I touched my kneecap, and then, gingerly, my thigh. Just as I feared: My finger left a ghastly white imprint on my lobster-red skin, and it hurt. It more than hurt. It felt as if my skin was on fire, literally singed and about to start peeling off in big, crispy, bacon-like slabs. Gross.
J,. and I were on vacation, and it was my thirtieth birthday. We’d just kayaked back from a beautiful secluded island, on which we’d spent the past few days lying in the sun, drinking Caribbean beer and floating in the ocean. Oh, and accidentally searing my epidermis until it turned the approximate color of a tomato. I’d worn sunscreen but clearly not enough.
And now J. was looking at me expectantly. He’d planned on taking me to a romantic restaurant right on the water. But I looked like a lobster, my skin was about to peel off into weird crisp bacon strips, and I actually felt a bit nauseous.
It was the whole reason J. planned the trip—my stupid birthday—and I officially had the worst sunburn of my life.
J. assured me that we didn’t have to go out to dinner, though I knew he’d been planning it. I fought this off, determined not to let him down and ruin the evening. And then I took a shower, which felt like a billion tiny daggers piercing my skin, and promptly decided that I’d rather eat my own weird bacon skin than put an article of clothing on my body and sit through dinner at a restaurant.
I imagined my family and friends at home imagining us on vacation. Right now they probably thought that we were in some dimly lit restaurant, sitting on silk pillows and feeding each other exotic things. Instead, I was plopped on our bed with cold wet towels draped over my limbs, and J. was making pasta in the kitchenette of our villa. Surely this was not the romantic sexed-up evening he’d envisioned. I looked like a freak and he was scared to touch me.
The next day we met another couple by the pool. I’d seen them previously on the beach—they were beautiful. They had long, bronzed limbs that probably never got sunburned, exactly zero body fat, and they moved with an impossible-to-fake grace. I hated them instantly.
They both slid gracefully in the pool, and we started talking. He was a former dancer turned attorney; she was a ballerina with the New York City Ballet. Figures: I’m a weird lobster in a headscarf sharing the pool with a ballerina goddess.
I bet they’ve had sex ten times today already, I thought to myself. I bet they can’t keep their hands off each other. I bet last night they sat on silk pillows and fed each other fruit and lettuce and then pliéd in the sand. Naked.
I asked her the basic questions you have to ask professional ballerinas when you meet them: Is it really like Black Swan? and Do you get to keep the tutus? I started to like them. Then we got on the topic of the restaurants we’d visited on the island.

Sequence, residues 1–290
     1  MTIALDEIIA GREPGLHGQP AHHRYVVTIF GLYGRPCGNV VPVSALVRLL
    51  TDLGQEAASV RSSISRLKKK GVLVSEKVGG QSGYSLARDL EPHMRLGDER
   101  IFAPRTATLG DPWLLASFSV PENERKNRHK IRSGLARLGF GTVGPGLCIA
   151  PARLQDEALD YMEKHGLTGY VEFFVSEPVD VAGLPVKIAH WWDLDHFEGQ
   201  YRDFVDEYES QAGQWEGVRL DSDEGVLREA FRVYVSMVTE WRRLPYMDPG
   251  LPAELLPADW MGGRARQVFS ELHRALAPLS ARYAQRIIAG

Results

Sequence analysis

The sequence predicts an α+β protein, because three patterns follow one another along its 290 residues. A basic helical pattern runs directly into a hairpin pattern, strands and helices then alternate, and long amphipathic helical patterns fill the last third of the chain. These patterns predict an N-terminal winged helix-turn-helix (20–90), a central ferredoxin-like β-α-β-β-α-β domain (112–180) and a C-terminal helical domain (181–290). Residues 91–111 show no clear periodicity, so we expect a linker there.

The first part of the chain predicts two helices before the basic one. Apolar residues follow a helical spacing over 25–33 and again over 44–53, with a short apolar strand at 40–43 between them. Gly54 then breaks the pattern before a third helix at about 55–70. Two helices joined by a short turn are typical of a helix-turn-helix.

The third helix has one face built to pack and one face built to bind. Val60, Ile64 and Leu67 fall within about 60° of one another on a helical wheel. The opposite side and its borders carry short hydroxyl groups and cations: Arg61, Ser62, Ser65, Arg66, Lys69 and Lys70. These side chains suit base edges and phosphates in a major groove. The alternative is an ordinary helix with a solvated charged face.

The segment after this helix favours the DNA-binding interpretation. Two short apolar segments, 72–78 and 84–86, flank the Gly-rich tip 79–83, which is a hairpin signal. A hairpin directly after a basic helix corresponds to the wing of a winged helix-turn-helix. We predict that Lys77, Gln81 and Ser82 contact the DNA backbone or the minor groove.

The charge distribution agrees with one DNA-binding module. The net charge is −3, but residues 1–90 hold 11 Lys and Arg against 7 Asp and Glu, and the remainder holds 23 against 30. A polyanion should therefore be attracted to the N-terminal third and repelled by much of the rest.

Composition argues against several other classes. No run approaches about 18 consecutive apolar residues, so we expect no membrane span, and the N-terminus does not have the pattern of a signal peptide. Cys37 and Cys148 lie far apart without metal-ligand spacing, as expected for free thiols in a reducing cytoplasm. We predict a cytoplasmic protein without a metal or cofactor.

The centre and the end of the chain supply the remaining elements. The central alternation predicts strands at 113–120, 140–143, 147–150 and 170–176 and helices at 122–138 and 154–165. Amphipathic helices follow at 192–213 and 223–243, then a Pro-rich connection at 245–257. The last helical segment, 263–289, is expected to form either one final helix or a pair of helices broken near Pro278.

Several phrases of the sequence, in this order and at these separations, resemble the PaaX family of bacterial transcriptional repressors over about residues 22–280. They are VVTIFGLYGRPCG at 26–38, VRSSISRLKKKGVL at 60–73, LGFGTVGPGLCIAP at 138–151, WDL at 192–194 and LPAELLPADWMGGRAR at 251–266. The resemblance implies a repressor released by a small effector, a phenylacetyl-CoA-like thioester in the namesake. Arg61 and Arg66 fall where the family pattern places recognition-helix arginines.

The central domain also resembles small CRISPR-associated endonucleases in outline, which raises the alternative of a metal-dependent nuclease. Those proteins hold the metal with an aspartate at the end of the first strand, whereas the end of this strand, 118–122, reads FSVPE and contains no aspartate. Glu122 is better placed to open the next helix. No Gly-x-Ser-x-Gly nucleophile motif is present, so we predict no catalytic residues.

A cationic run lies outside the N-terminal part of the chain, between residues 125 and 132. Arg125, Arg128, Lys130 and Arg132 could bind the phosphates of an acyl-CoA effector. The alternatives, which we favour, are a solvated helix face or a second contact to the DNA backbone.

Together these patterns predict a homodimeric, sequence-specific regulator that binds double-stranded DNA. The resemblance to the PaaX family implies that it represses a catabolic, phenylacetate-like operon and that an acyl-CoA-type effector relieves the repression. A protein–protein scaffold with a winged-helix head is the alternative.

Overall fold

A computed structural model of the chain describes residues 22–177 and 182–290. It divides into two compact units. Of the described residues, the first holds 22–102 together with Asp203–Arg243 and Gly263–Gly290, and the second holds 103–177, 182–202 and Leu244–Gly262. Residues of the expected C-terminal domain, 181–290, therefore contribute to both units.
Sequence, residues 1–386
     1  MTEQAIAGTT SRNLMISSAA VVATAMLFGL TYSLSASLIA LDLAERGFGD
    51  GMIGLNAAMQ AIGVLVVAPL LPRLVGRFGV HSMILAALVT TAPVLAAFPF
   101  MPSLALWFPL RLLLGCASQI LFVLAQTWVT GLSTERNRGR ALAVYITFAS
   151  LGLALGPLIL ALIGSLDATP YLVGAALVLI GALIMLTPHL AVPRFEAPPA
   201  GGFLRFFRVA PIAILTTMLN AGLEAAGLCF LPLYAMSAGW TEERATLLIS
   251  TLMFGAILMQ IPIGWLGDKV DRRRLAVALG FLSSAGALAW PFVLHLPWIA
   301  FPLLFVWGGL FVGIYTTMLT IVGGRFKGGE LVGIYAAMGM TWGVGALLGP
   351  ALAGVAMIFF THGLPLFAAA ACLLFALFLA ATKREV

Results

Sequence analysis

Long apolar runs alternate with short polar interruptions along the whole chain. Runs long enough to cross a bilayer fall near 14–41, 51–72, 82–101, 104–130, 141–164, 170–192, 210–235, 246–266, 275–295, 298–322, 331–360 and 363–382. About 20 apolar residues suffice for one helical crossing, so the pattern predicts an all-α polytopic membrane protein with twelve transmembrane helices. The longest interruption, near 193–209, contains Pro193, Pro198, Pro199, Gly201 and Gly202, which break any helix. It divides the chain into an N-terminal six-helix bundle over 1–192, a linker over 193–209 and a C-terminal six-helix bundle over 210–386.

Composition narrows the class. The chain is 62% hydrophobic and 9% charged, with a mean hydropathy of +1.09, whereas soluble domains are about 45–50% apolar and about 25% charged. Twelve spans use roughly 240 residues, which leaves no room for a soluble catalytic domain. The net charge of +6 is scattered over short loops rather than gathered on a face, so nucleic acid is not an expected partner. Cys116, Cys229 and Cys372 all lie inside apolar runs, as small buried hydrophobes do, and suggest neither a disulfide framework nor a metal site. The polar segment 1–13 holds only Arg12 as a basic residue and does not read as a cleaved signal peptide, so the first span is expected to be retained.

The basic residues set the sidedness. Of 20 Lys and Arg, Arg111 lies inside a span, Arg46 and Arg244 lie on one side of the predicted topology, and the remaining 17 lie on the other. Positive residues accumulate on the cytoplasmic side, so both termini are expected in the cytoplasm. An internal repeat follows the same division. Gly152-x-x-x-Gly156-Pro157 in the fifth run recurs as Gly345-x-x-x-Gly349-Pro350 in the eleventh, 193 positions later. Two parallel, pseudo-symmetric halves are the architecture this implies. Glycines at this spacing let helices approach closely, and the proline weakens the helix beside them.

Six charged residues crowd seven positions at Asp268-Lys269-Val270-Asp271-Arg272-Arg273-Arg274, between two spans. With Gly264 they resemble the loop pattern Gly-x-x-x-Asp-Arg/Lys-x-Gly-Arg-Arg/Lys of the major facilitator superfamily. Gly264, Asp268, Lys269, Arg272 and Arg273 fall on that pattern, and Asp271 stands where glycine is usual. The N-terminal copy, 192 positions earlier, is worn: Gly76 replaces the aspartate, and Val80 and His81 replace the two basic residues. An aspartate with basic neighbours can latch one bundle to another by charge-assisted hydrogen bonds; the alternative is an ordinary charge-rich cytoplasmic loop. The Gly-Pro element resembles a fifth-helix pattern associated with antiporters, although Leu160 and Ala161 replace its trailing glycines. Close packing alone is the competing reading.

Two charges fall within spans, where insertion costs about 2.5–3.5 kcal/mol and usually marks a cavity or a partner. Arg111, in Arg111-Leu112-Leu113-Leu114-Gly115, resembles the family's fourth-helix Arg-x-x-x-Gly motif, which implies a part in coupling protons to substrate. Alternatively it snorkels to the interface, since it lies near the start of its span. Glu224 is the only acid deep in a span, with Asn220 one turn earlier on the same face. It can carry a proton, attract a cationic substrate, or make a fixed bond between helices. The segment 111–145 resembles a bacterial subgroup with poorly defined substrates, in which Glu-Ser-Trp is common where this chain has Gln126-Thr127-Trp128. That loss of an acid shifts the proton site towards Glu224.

“We had this one dinner last night,” Ballerina Goddess began. “They offered us the best, most romantic seat in the house.”
Of course they did. I hated her again.
“The table was outside on the edge of this beautiful dock, literally right on top of the water. And…”
“It was horrible,” her boyfriend cut in, grimacing. They started laughing.
“Oh my God, bugs everywhere, and it was so dark we literally needed to pick up the candle on the table to see our plates.”
“Ew, the bugs! There were at least three in your water glass at all times.”
“And they were eating us alive …”
“It was the worst dinner we’ve ever had.”
Aha! Romance gone awry! We weren’t the only ones! I relented and told them of my sunburn mishap, and how we’d had to spend one of our very few nights in paradise sitting in our room watching the Olympics narrated in a language we couldn’t understand.
I thought back to our honeymoon—10 days in Hawaii—and how sick we’d gotten after an all-you-can-eat pig roast. The sixth night of our honeymoon was spent alternatively running to the bathroom and lying on the bed groaning. Aloha.
But then, it isn’t usually the romantic stuff that sticks out. It’s the mess-ups that make things interesting, the self-photo of us in our post-pig-roast state, glazed eyes, pale foreheads, hands on our bellies, the hotel bathrobes lazily draped around us.
It’s also the mess-ups that end up becoming unlikely sources of romance. The night we canceled my birthday dinner, we ended up quickly running out to the local grocery store to buy food. J. managed to sneak a surprise into the bag. While I was in the bathroom coating my skin with thick globs of aloe, J. had set up a picnic, complete with a plastic Joyeux Anniversaire! banner draped across the bed and a few balloons. He affixed a pointy birthday hat to my head, and caused a big ruckus with a whole bunch of blow-out noisemakers. It was our own version of romance, unexpected, unfussy, and unplanned, and—unlike my sunscreen—it worked.
Have you ever found that times you never thought would be romantic ended up being the most—and the other way around?